A rare case of brain-destroying amoeba has been confirmed in Florida
Published Sunday, July 5, 2020 10:03AM EDT
The Florida Department of Health announced the confirmed case of Naegleria fowleri -- a microscopic single-celled amoeba that can infect and destroy the brain. (Centers for Disease Control and Prevention/CNN)
A case of a rare, brain-destroying amoeba has been confirmed in Florida.
The Florida Department of Health on Friday announced the confirmed case of Naegleria fowleri -- a microscopic single-celled amoeba that can infect and destroy the brain. It's usually fatal, the DOH said.
Since 1962, there have only been 37 reported cases of the amoeba in Florida. This one was found in Hillsborough County, though the DOH did not give any further details.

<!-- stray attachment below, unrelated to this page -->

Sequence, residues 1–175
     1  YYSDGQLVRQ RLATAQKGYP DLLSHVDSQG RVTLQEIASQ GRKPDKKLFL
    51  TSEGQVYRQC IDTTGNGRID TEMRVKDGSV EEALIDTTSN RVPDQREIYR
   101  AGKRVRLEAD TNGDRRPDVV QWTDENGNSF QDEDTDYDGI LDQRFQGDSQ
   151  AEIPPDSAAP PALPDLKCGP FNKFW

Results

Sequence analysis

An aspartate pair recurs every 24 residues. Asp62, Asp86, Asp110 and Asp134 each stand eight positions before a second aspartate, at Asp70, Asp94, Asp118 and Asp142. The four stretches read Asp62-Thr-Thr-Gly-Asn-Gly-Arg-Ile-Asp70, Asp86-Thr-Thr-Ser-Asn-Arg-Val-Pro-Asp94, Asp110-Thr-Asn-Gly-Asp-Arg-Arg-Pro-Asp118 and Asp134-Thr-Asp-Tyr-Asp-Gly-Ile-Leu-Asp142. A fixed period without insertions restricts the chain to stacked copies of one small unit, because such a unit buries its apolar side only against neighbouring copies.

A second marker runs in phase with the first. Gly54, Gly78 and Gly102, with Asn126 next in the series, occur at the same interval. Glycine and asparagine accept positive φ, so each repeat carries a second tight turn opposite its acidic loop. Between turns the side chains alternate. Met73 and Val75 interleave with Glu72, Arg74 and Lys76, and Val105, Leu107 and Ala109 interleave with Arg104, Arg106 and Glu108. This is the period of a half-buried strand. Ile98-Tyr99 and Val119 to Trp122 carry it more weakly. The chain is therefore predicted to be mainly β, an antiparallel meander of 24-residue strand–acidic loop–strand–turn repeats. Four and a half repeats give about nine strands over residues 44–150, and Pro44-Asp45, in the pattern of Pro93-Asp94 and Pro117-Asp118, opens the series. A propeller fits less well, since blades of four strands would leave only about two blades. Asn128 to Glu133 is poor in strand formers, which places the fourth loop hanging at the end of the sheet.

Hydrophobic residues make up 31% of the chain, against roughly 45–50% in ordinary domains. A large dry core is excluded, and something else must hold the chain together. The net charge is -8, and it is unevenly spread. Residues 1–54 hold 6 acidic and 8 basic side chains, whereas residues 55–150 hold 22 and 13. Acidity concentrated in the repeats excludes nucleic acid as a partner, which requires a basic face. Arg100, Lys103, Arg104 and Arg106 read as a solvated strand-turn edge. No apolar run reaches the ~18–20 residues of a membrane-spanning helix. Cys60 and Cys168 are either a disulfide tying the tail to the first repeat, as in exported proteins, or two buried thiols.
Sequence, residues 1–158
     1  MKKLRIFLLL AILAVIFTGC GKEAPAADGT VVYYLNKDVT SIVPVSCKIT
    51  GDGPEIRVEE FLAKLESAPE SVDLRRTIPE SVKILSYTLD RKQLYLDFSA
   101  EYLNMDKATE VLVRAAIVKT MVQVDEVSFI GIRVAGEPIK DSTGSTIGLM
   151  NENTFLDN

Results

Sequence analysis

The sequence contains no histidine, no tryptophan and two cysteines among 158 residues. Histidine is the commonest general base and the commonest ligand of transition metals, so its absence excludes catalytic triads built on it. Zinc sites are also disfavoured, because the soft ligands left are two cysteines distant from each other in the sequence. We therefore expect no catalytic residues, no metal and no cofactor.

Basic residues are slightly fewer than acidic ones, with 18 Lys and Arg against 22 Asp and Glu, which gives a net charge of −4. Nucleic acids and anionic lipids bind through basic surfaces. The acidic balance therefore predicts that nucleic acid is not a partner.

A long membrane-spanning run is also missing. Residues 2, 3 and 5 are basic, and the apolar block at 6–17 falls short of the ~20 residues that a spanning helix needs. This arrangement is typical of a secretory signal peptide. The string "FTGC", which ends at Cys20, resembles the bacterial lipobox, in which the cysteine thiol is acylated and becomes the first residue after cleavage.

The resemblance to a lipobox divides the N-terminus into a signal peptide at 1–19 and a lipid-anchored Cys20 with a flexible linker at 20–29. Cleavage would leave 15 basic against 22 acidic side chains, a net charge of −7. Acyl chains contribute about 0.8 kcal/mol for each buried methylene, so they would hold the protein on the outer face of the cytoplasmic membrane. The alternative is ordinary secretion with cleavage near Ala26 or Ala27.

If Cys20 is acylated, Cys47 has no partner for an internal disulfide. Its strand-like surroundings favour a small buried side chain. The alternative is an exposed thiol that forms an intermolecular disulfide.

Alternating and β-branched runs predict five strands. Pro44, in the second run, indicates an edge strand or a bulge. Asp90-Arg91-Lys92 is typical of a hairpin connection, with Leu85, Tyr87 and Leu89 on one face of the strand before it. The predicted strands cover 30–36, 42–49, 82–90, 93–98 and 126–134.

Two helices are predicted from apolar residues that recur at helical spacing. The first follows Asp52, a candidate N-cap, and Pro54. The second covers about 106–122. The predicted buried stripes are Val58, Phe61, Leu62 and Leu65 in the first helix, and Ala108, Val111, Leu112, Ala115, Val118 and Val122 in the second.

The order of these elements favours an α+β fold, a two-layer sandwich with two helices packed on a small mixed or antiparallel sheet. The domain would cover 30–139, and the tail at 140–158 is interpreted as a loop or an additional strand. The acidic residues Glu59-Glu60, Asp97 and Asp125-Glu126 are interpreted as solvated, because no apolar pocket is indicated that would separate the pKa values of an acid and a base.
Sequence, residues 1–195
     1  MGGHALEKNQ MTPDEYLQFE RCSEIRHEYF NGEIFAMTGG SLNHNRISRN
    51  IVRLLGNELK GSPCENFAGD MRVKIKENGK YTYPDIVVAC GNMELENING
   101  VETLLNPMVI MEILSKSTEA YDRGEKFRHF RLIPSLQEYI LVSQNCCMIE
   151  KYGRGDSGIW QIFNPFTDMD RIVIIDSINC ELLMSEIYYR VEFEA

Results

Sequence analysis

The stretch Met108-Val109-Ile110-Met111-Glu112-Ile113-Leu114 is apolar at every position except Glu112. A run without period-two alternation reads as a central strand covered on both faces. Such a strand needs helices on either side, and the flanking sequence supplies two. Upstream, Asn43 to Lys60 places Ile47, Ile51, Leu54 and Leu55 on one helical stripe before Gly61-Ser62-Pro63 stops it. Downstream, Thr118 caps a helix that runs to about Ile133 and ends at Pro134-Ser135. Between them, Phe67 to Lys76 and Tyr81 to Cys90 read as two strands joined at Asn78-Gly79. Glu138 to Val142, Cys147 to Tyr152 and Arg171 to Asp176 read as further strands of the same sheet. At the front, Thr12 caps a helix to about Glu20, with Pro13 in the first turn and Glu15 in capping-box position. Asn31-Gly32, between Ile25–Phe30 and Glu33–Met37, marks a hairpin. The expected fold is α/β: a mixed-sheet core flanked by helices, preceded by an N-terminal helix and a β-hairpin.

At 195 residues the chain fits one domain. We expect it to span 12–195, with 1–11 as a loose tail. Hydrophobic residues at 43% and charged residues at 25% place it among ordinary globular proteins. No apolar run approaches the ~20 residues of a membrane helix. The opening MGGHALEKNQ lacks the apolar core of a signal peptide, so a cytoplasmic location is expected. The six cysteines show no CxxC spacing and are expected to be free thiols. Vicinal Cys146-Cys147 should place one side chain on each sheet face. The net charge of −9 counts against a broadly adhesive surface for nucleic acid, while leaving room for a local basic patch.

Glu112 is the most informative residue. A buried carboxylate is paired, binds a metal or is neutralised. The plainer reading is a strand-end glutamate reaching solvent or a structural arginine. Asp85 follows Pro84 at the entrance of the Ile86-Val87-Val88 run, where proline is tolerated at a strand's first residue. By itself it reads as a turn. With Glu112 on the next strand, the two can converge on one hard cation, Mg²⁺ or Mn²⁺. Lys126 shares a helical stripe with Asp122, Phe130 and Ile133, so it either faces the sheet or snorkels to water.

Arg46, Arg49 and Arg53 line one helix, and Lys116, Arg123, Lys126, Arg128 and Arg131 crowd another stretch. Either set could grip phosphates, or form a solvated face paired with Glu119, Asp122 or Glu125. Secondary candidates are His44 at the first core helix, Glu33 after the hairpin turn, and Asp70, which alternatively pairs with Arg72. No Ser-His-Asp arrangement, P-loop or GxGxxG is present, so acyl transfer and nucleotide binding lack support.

Naegleria fowleri is typically found in warm freshwater like lakes, rivers and ponds. The DOH has cautioned people who swim in those freshwater sources to be aware of the amoeba's possible presence, particularly when the water is warm.
"Adverse health effects on humans can be prevented by avoiding nasal contact with the waters, since the amoeba enters through nasal passages," the DOH said.
The DOH recommended people avoid bodies of warm freshwater around power plants and shallow fresh water during periods of high water temperature. They should pinch their nose when playing in warm freshwater.
The DOH also noted that you could possibly be exposed to the amoeba through a neti pot when rinsing congested sinuses.
"Use only boiled and cooled, distilled, or sterile water for making sinus rinse solutions for neti pots or performing ritual ablutions," it said.
In the U.S., there have been 143 known infected cases of the amoeba, according to the Florida DOH. Only four have survived.